It is encouraging to note that a new initiative has been taken to accelerate the pace of implementation of the much-talked-about ‘Delta Plan-2100’. Reportedly, the government has undertaken 80 new projects to accelerate the execution process of Delta plan 2100.
For many years, Bangladesh has been facing a number of delta related challenges in the form of frequent natural hazards, salinity intrusion, sea level rise, and so on.
Thus already Bangladesh has gone through a high pressure on its land and water resources. It is also to note that Bangladesh as a delta country has had some privileges nonetheless.
In a bid to deal with issues like climate change, water resources management and so many others, the government approved the fifty to hundred years’ long 'BDP 2100' in September last year.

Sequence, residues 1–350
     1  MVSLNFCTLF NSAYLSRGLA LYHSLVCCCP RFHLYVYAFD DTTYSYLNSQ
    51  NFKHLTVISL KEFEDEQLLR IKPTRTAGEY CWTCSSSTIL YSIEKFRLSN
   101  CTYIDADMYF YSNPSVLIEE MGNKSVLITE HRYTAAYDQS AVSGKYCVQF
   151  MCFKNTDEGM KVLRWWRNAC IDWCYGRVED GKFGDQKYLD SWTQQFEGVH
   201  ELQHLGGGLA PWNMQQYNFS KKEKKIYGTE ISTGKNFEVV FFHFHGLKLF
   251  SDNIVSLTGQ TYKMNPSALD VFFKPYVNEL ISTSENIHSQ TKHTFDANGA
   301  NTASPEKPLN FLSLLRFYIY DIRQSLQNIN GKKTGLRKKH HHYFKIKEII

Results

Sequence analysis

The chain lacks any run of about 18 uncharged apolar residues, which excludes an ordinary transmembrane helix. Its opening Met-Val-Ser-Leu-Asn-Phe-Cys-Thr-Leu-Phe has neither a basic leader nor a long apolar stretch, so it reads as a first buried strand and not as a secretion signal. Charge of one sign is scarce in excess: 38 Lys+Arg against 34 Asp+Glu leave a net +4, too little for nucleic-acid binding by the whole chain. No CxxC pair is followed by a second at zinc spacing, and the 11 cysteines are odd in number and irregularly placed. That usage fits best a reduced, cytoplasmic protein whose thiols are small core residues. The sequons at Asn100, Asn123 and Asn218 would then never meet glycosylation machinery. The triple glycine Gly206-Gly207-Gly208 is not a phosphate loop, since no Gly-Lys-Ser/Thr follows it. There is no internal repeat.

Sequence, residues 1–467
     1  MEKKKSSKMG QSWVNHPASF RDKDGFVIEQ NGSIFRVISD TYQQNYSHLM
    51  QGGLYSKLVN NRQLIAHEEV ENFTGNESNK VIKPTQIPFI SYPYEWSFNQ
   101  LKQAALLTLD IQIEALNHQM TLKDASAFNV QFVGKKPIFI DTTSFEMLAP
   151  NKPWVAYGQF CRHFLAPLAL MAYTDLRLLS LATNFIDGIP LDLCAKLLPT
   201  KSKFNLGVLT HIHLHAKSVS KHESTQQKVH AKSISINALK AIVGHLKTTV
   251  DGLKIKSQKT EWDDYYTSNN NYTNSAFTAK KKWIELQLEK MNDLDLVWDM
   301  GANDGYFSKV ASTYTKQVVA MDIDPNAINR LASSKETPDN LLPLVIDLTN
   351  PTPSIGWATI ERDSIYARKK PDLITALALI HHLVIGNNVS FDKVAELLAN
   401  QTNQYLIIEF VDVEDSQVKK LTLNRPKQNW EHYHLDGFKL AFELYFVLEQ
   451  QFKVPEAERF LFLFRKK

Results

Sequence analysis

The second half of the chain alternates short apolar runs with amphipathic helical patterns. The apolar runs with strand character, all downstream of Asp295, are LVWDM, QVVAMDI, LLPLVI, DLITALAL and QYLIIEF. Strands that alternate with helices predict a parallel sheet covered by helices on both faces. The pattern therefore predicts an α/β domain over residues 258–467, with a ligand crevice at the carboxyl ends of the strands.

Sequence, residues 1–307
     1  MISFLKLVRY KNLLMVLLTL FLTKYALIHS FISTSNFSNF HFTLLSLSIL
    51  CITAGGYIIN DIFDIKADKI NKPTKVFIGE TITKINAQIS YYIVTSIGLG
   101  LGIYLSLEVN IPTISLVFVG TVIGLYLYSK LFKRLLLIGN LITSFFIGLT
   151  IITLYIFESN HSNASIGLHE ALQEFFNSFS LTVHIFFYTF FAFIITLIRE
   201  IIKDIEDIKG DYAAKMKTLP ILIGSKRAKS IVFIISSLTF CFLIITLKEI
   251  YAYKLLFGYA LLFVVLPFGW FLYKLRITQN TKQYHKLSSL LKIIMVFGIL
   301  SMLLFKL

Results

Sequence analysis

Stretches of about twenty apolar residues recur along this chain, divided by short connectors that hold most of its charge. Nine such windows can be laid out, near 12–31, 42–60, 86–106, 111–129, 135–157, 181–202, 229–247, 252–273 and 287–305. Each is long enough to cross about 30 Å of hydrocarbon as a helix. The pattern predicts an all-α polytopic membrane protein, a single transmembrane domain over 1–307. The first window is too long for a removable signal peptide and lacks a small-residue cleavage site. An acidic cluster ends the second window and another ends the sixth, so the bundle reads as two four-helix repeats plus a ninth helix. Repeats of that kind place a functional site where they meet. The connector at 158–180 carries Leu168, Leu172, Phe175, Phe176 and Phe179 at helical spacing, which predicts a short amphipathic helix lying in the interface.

We envisage that ‘BDP 2100’ will enable the country to deal with climate change in a more efficient and strategic way. Most importantly, ‘BDP 2100’ will help the country reclaim a big mass of land from the Bay of Bengal.
BDP 2100’ will enable the country to
deal with climate change in a more
efficient and strategic way
Hence it can be hoped that the proper implementation of the project will be the key to tackle climate change-induced challenges.
After implementing its own delta management plan, Netherlands reclaimed 6,000 square kilometres of land and the country is now assisting Bangladesh in executing the plan.
However, following the Netherlands, Bangladesh should also try to reclaim a big mass of land from the Bay of Bengal through implementing ‘BDP 2100’.
Every year rivers from Himalayas bring tonnes of sediments while crossing Bangladesh, which earlier gave birth to some 1,000 square kilometres of land.
Experts envisage that through this process in the next 50 years Bangladesh can reclaim at least 1,000 square kilometres naturally. However, it is said that with the use of new technology, Bangladesh could speed up the accretion process as the Netherlands did.